UK PM gets 'reality check' from his own government

UK PM gets 'reality check' from his own government

A letter from Treasure of UK The British Prime Minister denied the information Rishi Sunak, in a televised debate this Tuesday, the 4th, a month ahead of the general election scheduled for July 6. According to the Prime Minister, the data from the Treasury indicates Labor Party “Raise everyone's taxes by £2,000”, which may have his credibility questioned by undecided voters.

“Independent Treasury officials have calculated the costs of Labour's policies and they have added a £2,000 tax rise for every working family,” he said.

The talk will be backed by a Conservative document led by Sunak, which says Labor needs to find 38.5 billion pounds ($49.2 billion) to cover the cost of campaign plans. A tax increase of “£2,094 per working family over the next four years”. The text also adds that “all expenses hereunder were borne by the Treasury.”

However, Sunak's statement and the Conservative position were contradicted by a letter from Chief Secretary to the Treasury James Bowler ahead of the debate. “Civil servants were not involved in the preparation or delivery of the Conservative Party's document on 'labour tax increases' or the calculation of the total amount used,” the correspondence has already said.

“Any expenditure received from other sources or produced by other organizations should not be shown to have been produced by the public service,” Bowler added, adding that the guidance had been sent to “ministers and advisers”. In other words, in effect, the Prime Minister received a “reality check” from the government itself.

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+ Brexit architect announces candidacy for UK election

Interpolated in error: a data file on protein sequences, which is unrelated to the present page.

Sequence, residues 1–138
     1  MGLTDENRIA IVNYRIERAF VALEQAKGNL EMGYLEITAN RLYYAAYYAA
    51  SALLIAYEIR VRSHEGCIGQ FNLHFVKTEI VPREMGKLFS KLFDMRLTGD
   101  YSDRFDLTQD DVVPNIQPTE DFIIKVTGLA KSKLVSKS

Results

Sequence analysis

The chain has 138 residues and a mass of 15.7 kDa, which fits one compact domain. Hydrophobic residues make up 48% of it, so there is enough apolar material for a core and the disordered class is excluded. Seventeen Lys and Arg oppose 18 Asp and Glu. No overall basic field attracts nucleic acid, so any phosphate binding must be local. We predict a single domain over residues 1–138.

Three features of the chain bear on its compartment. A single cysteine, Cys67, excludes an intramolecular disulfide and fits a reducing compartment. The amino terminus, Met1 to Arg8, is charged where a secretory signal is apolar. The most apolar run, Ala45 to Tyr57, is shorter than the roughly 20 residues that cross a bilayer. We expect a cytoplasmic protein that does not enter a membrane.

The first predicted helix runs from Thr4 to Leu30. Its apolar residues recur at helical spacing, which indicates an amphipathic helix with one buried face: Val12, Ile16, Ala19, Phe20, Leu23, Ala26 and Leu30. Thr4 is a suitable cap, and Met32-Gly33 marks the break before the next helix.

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Election panorama

For now, the debate with Labor leader Keir Starmer appears not to have tainted public opinion on the Prime Minister's performance. Polls showed 51% of viewers thought he had done well, compared to Starmer's 49%. It may be good news if Labor is not comfortably leading the polls: it won 45% of voting intentions against 23% for the Conservatives. If this scenario materialises, Labor will be in power for the first time since 2005.

It wasn't a smooth week for Sunak. Nigel Farage, the architect behind the tumultuous divorce between the United Kingdom and the European Union, announced on Monday the 3rd that he will stand as the candidate for his far-right Reform UK Party in the country's general election on July 4. It was a blow to the prime minister as Farage was expected to win an already rare vote from right-wing voters.

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About the Author: Morton Obrien

"Reader. Infuriatingly humble travel enthusiast. Extreme food scholar. Writer. Communicator."

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